Consider scale. This is especially true when you’re renovating a small bathroom. Some claim that large tiles mean less grout lines which makes the floor feel like one continuous surface. Others opt for lots of small tiles, arguing that a few large tiles make it feel as though you’re cramped on space. The choice is ultimately yours but it’s important to consider each approach before making any decisions.
Pick your “must-have” tile first. It might be a simple tile that you can use nearly everywhere, or it might be an expensive option that you’ll end up using more sparingly as an accent tile. Either way, once you’ve chosen your must-have tile, you’ll be able to build the rest of your bathroom around it.
Decide on a color palette. Keep in mind the style of your fixtures & the size of your space. If you’re installing around existing fixtures, choose a tile color that complements the rest of the space. For small bathrooms, consider installing light tile to make the space feel bigger. For large bathrooms, you can get away with darker hues.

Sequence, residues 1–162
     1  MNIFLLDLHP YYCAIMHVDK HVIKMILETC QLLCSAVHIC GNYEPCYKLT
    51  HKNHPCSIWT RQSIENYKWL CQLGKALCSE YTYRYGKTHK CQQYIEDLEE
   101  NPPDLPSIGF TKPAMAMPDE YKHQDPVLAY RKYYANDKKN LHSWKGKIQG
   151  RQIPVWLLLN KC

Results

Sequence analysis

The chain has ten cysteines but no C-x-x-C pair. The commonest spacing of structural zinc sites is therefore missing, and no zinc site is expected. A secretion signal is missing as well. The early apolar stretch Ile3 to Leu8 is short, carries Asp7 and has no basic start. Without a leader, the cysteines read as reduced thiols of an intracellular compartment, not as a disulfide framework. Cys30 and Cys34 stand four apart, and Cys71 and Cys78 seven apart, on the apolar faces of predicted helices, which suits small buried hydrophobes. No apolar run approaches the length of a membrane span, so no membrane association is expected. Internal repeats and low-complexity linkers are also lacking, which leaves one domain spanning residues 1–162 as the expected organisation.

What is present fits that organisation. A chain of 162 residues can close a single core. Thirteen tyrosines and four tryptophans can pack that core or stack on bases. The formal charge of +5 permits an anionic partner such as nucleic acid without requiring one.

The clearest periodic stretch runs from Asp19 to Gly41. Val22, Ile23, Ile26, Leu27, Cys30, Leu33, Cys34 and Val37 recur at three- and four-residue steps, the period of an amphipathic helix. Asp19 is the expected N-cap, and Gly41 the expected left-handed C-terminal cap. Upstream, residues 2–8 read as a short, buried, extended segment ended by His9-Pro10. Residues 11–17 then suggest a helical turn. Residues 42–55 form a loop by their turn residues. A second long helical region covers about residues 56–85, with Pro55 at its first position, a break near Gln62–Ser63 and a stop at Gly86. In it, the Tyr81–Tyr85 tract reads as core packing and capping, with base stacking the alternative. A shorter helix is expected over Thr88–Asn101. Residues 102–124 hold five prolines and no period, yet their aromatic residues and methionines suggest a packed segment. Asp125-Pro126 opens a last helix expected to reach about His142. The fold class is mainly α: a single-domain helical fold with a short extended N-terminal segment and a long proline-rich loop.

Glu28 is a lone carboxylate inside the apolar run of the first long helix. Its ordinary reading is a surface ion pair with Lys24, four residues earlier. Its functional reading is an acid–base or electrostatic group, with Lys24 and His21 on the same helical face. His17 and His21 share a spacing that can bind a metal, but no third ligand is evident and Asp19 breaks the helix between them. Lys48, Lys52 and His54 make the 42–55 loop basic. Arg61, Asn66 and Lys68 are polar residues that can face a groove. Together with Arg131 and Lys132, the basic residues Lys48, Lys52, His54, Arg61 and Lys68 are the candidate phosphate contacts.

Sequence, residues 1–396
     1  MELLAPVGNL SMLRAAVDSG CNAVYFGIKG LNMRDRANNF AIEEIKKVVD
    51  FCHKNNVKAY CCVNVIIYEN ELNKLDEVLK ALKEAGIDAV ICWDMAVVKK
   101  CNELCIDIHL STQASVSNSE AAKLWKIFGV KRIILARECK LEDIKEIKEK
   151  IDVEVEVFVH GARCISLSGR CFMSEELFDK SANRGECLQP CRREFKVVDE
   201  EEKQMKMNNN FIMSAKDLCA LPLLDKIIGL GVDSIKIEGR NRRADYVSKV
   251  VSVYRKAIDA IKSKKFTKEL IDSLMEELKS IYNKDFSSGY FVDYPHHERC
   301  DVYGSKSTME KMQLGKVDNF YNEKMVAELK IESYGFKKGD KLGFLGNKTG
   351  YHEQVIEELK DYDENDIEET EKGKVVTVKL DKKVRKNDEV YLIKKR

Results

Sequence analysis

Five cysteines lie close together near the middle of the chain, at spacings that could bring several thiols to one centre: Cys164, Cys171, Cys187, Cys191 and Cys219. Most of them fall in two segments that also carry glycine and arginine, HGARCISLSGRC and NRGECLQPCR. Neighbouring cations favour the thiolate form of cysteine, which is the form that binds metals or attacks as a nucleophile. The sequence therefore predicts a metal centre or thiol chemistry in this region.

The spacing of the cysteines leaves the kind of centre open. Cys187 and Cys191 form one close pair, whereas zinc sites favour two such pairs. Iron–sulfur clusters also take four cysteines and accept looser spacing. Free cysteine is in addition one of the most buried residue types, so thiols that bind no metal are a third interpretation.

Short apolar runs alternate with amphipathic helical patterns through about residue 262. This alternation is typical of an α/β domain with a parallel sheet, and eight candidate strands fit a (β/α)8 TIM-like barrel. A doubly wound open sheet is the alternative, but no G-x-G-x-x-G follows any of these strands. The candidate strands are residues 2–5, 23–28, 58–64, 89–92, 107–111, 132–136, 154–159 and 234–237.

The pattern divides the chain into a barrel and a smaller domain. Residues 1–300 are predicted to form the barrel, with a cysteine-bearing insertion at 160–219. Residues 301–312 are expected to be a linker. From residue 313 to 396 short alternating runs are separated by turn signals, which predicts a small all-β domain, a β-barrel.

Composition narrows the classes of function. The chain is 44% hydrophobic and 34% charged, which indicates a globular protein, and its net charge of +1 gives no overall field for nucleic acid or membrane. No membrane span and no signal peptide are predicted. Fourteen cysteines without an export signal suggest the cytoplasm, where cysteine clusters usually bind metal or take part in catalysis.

Try to keep it to no more than three different tile types. You’ll likely want to use more than one tile type to create visual interest. However, too many types, colors and sizes can be overwhelming. If your must-have tile is bold, choose neutral tiles to complement it. This will allow your bathroom to look timeless and will keep elements from competing with one another.
Take tile materials into consideration. Porcelain or ceramic tiles come in endless colors and designs and are virtually maintenance free. Tiles made from natural stone offer a more organic look but are more porous, holding dirt and grime and requiring more maintenance. Glass tile gives your bathroom a polished look but it’s very slippery when wet so it shouldn’t be used on a floor.
Don’t leave grout as a last minute decision. By keeping tile and grout the same color, you avoid visual breaks which could make the space appear larger. On the other hand, darker grout allows the tile shape to shine. Keep in mind, lighter grout requires more upkeep.